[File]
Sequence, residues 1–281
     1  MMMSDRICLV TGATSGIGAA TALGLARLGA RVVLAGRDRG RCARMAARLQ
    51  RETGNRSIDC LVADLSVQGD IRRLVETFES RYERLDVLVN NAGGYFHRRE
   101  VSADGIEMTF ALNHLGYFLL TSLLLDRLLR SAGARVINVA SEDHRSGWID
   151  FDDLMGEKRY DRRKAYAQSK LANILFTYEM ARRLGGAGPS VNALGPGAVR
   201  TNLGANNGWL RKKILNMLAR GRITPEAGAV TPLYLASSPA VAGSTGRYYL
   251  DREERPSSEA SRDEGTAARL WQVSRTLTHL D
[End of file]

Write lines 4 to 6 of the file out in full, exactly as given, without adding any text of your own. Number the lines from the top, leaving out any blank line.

   101  VSADGIEMTF ALNHLGYFLL TSLLLDRLLR SAGARVINVA SEDHRSGWID
   151  FDDLMGEKRY DRRKAYAQSK LANILFTYEM ARRLGGAGPS VNALGPGAVR
   201  TNLGANNGWL RKKILNMLAR GRITPEAGAV TPLYLASSPA VAGSTGRYYL